What began as a dream search turned into a recruiter's worst nightmare. The top candidate for Marketing Director of the company's consumer products division had impeccable credentials, understood branding like few other individuals in the universe and was a natural leader. Highly recommended by the outside search consultant and by numerous references, he had survived tough interviews with the vice president to whom he would report, as well as a senior HR professional. Now it was time to meet the other division officers. All went well until he walked into the office of the division's legal counsel, who said, "I think I've met you before." Read on...

Paul Feeney

THE WALL STREET JOURNAL recently confirmed what many long have suspected - namely, that "Online job boards have lost their cachet." (July 12, 2005) Why? According to the Journal, they are yielding "landslides of r'esum'es" that mostly come from unqualified candidates. "The trick - something that executive-search firms and headhunters have known for decades - is that the perfect candidate is usually working happily at a desk somewhere." The Journal is exactly right. Read on...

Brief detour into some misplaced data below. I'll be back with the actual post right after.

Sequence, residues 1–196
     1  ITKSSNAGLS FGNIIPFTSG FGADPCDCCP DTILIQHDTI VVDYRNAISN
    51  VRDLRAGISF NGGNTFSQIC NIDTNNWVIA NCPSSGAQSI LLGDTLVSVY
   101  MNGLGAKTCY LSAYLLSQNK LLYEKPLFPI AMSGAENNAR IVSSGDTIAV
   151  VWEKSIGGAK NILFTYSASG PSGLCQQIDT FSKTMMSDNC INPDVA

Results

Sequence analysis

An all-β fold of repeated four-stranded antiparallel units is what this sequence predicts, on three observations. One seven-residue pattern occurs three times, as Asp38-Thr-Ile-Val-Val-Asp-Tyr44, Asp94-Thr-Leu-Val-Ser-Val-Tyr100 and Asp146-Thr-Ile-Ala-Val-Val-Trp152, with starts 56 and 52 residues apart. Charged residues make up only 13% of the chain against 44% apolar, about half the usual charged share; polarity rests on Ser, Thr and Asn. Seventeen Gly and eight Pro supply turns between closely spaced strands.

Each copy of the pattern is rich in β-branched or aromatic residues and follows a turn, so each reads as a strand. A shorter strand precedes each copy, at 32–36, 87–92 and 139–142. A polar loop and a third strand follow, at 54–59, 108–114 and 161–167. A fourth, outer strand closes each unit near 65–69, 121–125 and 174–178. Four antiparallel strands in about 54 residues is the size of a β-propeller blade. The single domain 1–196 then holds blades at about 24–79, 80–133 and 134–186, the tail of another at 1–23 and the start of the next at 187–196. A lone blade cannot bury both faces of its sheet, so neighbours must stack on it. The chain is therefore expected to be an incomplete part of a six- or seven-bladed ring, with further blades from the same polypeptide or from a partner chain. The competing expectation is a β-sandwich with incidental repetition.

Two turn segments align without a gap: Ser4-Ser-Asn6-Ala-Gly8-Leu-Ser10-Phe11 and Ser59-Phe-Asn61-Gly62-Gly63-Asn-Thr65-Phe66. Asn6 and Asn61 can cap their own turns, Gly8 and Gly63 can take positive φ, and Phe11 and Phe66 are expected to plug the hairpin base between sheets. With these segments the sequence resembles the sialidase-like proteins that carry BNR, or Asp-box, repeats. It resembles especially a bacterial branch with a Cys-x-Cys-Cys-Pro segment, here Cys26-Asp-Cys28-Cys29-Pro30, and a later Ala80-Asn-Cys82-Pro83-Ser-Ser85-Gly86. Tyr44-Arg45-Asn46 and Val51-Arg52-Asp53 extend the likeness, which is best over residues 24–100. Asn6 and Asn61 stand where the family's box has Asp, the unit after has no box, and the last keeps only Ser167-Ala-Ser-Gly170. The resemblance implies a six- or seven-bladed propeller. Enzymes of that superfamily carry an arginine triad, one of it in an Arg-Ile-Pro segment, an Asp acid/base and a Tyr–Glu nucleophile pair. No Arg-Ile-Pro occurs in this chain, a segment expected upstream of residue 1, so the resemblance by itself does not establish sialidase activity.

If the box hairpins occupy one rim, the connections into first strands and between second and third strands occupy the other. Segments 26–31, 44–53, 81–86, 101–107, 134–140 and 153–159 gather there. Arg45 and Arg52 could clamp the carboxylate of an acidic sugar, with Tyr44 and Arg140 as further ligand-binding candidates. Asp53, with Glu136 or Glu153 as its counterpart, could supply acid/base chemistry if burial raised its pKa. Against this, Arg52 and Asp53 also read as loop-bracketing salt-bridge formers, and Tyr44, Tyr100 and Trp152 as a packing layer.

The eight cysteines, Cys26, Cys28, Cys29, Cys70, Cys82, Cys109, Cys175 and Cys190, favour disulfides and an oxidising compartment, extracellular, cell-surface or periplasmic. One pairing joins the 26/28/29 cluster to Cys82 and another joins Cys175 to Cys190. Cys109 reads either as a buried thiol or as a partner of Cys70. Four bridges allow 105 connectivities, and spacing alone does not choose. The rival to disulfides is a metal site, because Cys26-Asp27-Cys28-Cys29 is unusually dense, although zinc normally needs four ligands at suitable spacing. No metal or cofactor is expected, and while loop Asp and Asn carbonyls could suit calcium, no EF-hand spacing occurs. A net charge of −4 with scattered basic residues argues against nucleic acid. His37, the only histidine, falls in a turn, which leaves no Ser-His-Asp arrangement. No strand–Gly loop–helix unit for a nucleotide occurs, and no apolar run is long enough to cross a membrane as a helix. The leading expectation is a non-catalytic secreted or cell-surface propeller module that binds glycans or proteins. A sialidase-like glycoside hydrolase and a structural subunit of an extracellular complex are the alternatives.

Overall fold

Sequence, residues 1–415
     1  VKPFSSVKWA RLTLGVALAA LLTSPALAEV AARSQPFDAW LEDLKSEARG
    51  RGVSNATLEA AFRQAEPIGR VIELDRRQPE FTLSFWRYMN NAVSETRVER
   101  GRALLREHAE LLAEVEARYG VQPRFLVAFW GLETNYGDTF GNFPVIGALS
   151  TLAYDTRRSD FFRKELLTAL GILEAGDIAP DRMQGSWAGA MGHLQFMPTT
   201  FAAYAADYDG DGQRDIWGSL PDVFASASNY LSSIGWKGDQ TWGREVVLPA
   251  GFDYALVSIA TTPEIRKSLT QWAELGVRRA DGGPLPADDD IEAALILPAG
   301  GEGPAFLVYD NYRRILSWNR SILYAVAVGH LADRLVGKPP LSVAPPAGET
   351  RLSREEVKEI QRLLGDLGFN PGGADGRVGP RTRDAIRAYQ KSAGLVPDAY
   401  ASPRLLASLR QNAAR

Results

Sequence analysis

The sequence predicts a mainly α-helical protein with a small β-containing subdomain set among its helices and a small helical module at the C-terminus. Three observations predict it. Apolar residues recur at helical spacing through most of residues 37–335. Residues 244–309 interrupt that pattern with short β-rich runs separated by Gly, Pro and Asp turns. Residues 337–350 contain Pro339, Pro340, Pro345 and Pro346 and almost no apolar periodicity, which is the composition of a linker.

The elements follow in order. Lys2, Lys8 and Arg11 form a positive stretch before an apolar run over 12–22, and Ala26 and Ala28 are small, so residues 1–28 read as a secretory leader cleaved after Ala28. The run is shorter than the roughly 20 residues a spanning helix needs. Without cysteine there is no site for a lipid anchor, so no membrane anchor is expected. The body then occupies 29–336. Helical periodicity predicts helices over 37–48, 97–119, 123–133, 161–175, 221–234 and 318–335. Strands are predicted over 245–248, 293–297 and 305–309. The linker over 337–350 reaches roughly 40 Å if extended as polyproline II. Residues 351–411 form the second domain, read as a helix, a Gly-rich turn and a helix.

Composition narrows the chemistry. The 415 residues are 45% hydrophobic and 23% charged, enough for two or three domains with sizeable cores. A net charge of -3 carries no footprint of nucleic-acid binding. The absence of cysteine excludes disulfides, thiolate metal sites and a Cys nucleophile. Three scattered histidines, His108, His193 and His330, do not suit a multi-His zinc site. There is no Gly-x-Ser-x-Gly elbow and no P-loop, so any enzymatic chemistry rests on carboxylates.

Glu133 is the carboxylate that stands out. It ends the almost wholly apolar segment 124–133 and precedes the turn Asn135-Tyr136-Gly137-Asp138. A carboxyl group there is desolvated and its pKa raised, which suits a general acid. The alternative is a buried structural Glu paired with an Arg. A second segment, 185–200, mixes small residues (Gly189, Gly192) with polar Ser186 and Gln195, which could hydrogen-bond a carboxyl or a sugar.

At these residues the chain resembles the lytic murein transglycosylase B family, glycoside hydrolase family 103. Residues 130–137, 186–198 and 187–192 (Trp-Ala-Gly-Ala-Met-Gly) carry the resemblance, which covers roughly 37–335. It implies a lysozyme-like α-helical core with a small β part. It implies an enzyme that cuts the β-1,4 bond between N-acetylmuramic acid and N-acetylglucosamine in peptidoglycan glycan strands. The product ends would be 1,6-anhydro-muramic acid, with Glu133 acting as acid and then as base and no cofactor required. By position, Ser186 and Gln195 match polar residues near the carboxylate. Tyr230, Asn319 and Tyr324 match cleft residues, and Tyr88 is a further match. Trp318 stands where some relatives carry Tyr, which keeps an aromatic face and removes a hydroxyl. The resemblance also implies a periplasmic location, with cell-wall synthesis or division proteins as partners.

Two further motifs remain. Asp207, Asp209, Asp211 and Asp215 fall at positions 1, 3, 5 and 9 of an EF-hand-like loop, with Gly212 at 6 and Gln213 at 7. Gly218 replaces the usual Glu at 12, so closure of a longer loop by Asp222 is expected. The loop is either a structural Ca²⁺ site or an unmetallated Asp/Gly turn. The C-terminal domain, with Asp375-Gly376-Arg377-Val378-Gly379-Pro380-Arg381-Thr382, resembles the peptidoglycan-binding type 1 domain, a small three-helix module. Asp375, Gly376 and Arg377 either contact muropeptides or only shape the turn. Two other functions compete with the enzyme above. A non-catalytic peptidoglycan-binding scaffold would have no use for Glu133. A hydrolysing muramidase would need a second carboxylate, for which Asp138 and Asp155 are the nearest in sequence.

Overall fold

Paul Feeney

When it comes to people, we tend to think of the workplace as pretty homogeneous. Certainly our inner circle of peers consists of people pretty much like us - in age, schooling, professional background, athletic and cultural preferences, family size, residential choices and even attire. Workers older than we may not seem quite "with it," while younger ones may dress a little funny. Nonetheless, the employees of any particular organization (be it corporate headquarters or manufacturing plant) seem to be cut pretty much from the same bolt of cloth - or are they? Read on...

Paul Feeney

Do employers pay the same degree of attention when they devise a hiring plan for a critical position opening? Good ones do, of course. Less adept practitioners often fall victim to fuzzy thinking and obscure outcomes, hoping to make up the plot as they go along. ("I'll know the right person when I see him.") Candidates meanwhile find it difficult to audition for their roles, having received only the vaguest description of the part they are supposed to play. Strong endings result from strong beginnings, and it is difficult to spend too much time at the start of a search nailing down those factors that will lead to a successful conclusion - the employment of that individual who will make a genuine difference in organizational performance. Read on...